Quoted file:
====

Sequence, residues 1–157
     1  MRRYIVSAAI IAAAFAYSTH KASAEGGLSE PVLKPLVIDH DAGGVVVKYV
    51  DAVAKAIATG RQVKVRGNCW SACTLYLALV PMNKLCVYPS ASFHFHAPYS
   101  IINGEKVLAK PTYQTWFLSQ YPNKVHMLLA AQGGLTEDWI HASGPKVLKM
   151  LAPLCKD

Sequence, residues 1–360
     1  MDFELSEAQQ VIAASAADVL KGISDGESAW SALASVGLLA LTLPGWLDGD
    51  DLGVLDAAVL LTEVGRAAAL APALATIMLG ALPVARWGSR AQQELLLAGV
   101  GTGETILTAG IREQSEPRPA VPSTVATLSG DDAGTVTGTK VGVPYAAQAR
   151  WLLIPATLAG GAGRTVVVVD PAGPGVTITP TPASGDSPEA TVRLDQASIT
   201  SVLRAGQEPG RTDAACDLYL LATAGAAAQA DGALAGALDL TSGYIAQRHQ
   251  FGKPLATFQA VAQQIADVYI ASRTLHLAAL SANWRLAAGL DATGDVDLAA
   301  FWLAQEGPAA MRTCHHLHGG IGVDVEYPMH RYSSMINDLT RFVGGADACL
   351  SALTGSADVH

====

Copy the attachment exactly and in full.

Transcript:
Sequence, residues 1–157
     1  MRRYIVSAAI IAAAFAYSTH KASAEGGLSE PVLKPLVIDH DAGGVVVKYV
    51  DAVAKAIATG RQVKVRGNCW SACTLYLALV PMNKLCVYPS ASFHFHAPYS
   101  IINGEKVLAK PTYQTWFLSQ YPNKVHMLLA AQGGLTEDWI HASGPKVLKM
   151  LAPLCKD

Sequence, residues 1–360
     1  MDFELSEAQQ VIAASAADVL KGISDGESAW SALASVGLLA LTLPGWLDGD
    51  DLGVLDAAVL LTEVGRAAAL APALATIMLG ALPVARWGSR AQQELLLAGV
   101  GTGETILTAG IREQSEPRPA VPSTVATLSG DDAGTVTGTK VGVPYAAQAR
   151  WLLIPATLAG GAGRTVVVVD PAGPGVTITP TPASGDSPEA TVRLDQASIT
   201  SVLRAGQEPG RTDAACDLYL LATAGAAAQA DGALAGALDL TSGYIAQRHQ
   251  FGKPLATFQA VAQQIADVYI ASRTLHLAAL SANWRLAAGL DATGDVDLAA
   301  FWLAQEGPAA MRTCHHLHGG IGVDVEYPMH RYSSMINDLT RFVGGADACL
   351  SALTGSADVH